During the first 90 minutes, there are moments where Cassavetes’ favored tics interfere. Sometimes Cassavetes’ characters behave so oddly, one wonders if moments like Cosmo pouring liquor onto the closed mouth of his perturbed girlfriend (and for what reason exactly?) feel “real” to brash Hollywood auteurs or are merely the product of manic creative types desperate to be noticed. The pacing is baggy, with several lengthy scenes barely registering semi-interest, especially those featuring the strip club’s odd programming. But there’s a live-wire running through Cosmo’s predicament (and Gazzara’s passive endurance of it) that keeps it engaging, and there’s also a quirky resistance to cliche that makes The Killing of a Chinese Bookie refreshing even when it’s not satisfying.
It’s in the final 15-or-so minutes, once The Killing of a Chinese Bookie has wrung out the last sensible elements of its plot, that Cassavetes feels free to let loose with a series of puzzling-to-awful scenes that call into question his sense of what his movie is about, his skill at filmmaking, and his sanity as a human being. There is one long scene between Cosmo and his girlfriend’s mother that is both a showcase of the perils of flailing improv and completely irrelevant. Why this scene was considered vital to the shorter cut is a question for the ages. This scene is followed by some mundane behind-the-scenes strip club management material that might have worked well in the first act but is borderline incoherent within the context of the final act.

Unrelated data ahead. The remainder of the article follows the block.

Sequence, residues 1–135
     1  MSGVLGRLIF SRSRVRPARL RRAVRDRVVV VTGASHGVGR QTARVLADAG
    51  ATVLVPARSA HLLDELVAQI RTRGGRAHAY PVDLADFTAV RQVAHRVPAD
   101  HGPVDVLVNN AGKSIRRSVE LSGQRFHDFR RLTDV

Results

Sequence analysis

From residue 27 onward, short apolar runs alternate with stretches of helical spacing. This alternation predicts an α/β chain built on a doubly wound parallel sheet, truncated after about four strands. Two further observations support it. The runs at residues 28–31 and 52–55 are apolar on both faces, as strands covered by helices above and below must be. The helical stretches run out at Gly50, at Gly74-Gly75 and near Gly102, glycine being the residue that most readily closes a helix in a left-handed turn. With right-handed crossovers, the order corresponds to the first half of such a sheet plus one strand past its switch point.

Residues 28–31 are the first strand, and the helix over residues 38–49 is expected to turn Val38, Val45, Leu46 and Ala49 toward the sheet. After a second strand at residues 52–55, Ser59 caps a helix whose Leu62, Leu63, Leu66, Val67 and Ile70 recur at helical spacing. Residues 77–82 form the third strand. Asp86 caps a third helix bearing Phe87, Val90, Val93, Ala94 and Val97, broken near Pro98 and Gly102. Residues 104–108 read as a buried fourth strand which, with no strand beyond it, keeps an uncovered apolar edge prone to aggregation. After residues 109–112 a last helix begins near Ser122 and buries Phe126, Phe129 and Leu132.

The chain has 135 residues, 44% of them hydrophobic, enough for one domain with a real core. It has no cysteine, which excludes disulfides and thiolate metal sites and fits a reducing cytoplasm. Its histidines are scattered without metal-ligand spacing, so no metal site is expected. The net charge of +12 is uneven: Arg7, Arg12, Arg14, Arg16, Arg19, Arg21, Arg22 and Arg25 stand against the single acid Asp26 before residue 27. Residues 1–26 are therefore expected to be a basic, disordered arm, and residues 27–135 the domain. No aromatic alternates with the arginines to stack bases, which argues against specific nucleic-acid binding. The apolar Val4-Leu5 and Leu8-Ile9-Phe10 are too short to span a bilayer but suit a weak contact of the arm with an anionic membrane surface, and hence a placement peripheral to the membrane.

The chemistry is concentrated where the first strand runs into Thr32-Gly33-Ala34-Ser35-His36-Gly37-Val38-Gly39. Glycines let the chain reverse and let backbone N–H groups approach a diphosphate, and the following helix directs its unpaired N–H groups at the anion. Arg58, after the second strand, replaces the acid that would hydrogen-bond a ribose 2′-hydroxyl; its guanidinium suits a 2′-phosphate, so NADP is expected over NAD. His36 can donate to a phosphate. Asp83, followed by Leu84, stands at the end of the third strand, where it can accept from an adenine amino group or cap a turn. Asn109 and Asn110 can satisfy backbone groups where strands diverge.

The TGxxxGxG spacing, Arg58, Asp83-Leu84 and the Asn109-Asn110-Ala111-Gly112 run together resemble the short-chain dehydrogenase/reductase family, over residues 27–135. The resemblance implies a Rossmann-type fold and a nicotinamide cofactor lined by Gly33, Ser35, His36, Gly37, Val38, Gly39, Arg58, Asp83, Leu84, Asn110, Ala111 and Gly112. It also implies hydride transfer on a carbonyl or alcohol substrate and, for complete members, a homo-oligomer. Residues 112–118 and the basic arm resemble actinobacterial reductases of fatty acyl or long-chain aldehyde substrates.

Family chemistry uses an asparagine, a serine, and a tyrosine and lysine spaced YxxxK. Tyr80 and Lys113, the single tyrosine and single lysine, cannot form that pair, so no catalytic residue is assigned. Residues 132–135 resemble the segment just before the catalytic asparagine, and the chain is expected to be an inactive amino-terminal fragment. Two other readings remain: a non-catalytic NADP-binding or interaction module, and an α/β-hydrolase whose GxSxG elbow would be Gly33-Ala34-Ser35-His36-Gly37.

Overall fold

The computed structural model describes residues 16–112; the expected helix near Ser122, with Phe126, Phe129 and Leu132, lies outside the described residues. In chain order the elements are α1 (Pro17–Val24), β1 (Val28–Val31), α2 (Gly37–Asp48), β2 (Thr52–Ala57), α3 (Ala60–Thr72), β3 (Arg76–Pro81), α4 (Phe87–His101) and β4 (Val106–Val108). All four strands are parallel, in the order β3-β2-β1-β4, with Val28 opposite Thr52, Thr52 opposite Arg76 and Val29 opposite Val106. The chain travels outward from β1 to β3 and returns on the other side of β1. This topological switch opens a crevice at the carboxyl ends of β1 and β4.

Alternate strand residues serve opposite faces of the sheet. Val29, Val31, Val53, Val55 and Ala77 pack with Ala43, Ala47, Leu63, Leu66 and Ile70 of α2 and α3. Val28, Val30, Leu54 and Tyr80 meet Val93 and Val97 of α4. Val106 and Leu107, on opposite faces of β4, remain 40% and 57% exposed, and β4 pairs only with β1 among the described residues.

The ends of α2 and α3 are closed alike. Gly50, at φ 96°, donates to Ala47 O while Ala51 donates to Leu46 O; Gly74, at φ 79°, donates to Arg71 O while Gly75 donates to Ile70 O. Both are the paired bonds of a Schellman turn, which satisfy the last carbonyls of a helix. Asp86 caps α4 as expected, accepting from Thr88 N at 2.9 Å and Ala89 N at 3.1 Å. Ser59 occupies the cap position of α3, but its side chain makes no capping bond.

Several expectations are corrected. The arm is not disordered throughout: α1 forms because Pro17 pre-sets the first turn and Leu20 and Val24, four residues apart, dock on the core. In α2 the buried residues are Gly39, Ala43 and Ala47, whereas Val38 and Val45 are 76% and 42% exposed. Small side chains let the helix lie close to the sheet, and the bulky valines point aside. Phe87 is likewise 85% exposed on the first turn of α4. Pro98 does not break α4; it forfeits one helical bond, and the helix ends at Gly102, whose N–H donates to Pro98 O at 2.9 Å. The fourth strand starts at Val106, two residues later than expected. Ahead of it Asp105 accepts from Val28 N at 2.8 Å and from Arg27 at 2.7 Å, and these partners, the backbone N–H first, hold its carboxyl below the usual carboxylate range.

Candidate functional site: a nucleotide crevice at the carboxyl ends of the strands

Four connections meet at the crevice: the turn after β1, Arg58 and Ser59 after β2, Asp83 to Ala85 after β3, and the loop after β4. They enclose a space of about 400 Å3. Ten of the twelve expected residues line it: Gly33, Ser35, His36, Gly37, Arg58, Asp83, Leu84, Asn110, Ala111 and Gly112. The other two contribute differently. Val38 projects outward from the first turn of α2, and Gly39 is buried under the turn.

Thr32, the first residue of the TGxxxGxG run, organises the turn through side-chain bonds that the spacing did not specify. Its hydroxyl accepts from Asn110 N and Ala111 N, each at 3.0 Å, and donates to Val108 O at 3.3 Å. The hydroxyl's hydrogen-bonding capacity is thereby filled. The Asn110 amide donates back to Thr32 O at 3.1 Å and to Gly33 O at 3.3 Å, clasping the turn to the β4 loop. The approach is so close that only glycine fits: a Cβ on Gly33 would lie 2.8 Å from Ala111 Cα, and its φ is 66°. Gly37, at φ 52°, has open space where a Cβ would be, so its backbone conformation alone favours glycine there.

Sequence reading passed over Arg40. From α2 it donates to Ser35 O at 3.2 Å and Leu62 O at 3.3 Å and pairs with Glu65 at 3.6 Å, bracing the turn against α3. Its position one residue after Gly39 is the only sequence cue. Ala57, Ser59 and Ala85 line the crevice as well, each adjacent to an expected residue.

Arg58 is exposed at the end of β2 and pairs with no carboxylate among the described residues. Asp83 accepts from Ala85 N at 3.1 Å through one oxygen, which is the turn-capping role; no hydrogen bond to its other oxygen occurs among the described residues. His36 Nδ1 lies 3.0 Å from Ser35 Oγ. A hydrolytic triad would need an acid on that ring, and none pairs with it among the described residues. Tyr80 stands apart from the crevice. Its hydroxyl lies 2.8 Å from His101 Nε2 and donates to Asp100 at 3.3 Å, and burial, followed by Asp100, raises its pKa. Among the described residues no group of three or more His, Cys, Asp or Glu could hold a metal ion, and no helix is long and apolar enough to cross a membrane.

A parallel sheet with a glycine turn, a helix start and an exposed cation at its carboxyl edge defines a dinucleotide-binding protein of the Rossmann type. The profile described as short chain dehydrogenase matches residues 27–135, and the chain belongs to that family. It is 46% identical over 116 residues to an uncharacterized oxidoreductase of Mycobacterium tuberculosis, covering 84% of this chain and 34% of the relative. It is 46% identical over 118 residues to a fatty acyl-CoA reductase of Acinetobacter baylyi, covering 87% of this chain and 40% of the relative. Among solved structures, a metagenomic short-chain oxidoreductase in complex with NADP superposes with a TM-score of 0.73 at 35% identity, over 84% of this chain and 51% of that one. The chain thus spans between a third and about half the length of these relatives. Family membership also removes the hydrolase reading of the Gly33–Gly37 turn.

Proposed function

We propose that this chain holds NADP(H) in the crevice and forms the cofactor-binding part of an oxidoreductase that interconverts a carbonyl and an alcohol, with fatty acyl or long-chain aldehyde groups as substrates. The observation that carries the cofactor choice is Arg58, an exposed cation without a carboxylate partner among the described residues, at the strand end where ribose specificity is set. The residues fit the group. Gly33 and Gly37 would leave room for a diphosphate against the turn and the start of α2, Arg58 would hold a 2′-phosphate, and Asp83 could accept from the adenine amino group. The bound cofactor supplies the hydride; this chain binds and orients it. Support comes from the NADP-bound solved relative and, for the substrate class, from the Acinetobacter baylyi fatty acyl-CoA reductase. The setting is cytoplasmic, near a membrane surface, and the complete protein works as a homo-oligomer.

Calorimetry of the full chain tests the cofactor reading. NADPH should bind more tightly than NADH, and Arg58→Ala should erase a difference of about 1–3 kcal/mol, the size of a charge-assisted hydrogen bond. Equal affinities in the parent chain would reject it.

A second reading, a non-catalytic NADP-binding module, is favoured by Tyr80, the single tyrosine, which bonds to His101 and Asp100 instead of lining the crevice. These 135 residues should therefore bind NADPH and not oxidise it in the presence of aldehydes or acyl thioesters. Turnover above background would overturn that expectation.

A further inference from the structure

Regardless of whatever is going on during those final minutes, The Killing of a Chinese Bookie is a visual treat, with a naturalistic fly-on-the-wall view of 1970s L.A. that looks ordinary in the light of day but seethes with atmosphere in the dark of the club, with its smoke and red lights. and in the dark of the L.A. night, where faces are barely perceptible in front of an onslaught of street and traffic lights. With Caleb Deschanel as one of three credited cinematographers, this is a sweet spot for the “look of the 1970s.”
The Killing of a Chinese Bookie, in its struggle between the worlds of crime genre and Cassavetes, maybe suffers a little from too little of either, but as thin as its thriller elements are, and as confounding as it conclusion might be, has at least been fun to mull over, and I can see myself wanting to watch the longer version someday. I can’t usually say that I’d welcome another half-hour of Cassavetes, so that’s something.
The Killing of a Chinese Bookie (1976): Ranked
The Killing of a Chinese Bookie (1976) squeaks just into the top half of my Flickchart, ranking exactly in the middle, #2603 (50.09%). A nice enough start for the freebie first slot in Ben Shoemaker's list of Flickchart's Top Crime Dramas of the 1970s. Up next, we'll see if my streak through this list can extend past Al Pacino’s quotable performance in ...And Justice for All (1979), directed by Norman Jewison.